All the cuts are 90 degree saddle cuts with the exception of one end of the diagonal brace and the top of the short post. If you do the math, you will find that both these two non-90 degree saddle cuts are at the same angle. It's something like 26 degrees. The triangle it makes is is 6' by 3'.

    I use a ShurKut jig for the 90 degree saddle cuts and a home-made jig for the 26 degree cuts. This jig is home made and consists of two items. The first is the jig itself. I cut in on a mill using a 2 3/8" hole saw set at 26 degrees. It slides over the 2 3/8" pipe and I guide my torch around it and clean it up with an angle grinder. The second part is a "test fit jig". It's basically a piece of flat stock cut to 26 degrees and welded to a 6" piece of 2 3/8" pipe. I can lay this jig against my angled cut and check the fit, clean it up with the grinder, check the fit again, etc.

    This allows me to make accurate angle saddle cuts fairly quickly. If the ground isn't level, I've found I can vary up to about 15 degrees and still make a decent fit.
    Millermatic 35
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  5. #5
    Join Date
    Jun 2007
    Posts
    3

    Default

    Some great information here, thanks.
    On the saddle cuts you mention the ShurKut jig but I can't find any information on this. Do you know who makes it?
    Thanks

  6. #6
    Join Date
    Dec 2006
    Location
    Bertram TX
    Posts
    157

    Default

    There's a little black book called the Pipe Welder's Handbook you can get for about 20 bucks or less and it has allkinds of cool formulas that are easy to understand. It's about the size of a 4x6 card. I'm sure you could find it on amazon or half.com. Otherwise, try making a template out of manilla folders. I've got a little farm in Texas and I feel your pain....literally.
    Matt Adams A&P, IA
    Trailblazer 302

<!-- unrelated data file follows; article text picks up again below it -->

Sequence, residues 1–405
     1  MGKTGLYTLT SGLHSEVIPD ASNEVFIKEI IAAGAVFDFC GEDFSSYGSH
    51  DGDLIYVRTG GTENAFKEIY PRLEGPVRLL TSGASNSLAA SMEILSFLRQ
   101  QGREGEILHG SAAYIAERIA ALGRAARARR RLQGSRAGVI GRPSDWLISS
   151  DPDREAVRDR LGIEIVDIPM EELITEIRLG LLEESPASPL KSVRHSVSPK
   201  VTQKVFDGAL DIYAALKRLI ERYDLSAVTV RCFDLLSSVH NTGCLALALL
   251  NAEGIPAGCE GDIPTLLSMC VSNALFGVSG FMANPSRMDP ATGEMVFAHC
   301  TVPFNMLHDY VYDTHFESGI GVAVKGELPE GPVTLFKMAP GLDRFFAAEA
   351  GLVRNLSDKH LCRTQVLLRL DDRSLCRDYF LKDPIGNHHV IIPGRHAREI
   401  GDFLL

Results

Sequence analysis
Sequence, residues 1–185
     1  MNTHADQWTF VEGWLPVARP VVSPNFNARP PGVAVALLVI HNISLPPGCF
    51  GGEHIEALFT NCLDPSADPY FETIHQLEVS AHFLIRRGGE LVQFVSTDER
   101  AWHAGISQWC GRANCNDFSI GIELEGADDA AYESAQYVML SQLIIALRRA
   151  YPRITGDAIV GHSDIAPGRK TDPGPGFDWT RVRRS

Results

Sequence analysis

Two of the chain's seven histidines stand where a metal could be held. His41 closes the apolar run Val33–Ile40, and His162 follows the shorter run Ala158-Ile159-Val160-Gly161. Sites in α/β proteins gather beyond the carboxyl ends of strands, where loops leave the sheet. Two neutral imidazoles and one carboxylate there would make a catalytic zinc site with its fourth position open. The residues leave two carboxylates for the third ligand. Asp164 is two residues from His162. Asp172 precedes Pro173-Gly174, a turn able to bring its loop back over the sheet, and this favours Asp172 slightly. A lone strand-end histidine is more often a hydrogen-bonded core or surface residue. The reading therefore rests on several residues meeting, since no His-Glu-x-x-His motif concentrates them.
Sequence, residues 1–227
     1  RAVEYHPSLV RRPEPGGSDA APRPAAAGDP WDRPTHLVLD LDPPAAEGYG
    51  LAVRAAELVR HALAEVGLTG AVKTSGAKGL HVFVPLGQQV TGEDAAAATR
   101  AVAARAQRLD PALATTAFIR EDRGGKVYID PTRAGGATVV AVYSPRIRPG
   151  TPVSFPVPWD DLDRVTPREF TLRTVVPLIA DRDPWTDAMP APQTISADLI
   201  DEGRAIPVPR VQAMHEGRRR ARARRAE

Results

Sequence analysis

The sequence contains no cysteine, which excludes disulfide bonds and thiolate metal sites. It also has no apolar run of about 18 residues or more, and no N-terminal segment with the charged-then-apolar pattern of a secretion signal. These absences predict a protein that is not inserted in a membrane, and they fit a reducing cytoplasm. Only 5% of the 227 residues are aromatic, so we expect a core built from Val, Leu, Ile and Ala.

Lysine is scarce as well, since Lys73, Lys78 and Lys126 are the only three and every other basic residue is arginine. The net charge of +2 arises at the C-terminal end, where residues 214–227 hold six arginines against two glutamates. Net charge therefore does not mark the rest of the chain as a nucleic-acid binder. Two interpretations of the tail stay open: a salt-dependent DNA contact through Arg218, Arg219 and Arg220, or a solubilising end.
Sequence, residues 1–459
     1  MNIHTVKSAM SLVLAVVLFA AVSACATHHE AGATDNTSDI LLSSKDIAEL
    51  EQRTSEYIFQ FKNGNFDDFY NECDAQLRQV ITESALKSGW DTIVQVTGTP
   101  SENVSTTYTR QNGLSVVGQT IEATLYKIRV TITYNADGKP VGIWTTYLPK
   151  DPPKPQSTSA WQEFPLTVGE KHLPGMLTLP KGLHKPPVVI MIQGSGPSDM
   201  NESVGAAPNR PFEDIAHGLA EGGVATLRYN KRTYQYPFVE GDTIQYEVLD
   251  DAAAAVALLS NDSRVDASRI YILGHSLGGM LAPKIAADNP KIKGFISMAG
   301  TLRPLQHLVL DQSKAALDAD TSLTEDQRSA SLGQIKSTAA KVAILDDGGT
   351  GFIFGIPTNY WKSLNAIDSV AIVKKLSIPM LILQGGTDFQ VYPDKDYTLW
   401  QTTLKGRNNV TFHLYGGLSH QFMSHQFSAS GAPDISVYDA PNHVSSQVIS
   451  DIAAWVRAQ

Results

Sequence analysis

Dialarc HF

  7. #7
    Join Date
    Jun 2006
    Location
    Calgary, Alberta
    Posts
    377

    Default

    There is free sofeware called 'tube miter' you can download off the net, it works in metric, but is easily converted to inches. The software will give you the templates (printed) for joints of any configuration up to 3.5 inches. I use it all the time, and it is worth looking into.
    Jonny

    Dynasty 300DX
    Esab PCM 1000

  8. #8
    Join Date
    Jun 2007
    Posts
    3

    Default

    I stumbled on a really good program in another forum for coping pipe which may be the one you were referring to. In any case the first link is for online viewing and the second link is the executable program for download.
    Check it out...

    http://www.metalgeek.com/static/cope.pcgi
    http://home.tallships.ca/mspencer/winmiter.html

  9. #9
    Join Date
    Apr 2007
    Posts
    347

    Default

    Here is the link to the Shur-Kut jig. You can find them at good welding supply stores.

    http://shurkut.net/
    Millermatic 35
    Miller TB302G
    Ellis 1800
    Smith & Victor Torches
    Optrel Satellite
    Arcair K4000
    Ingersoll-Rand 175CFM Diesel Air Compressor
    Home Made Welding Trailer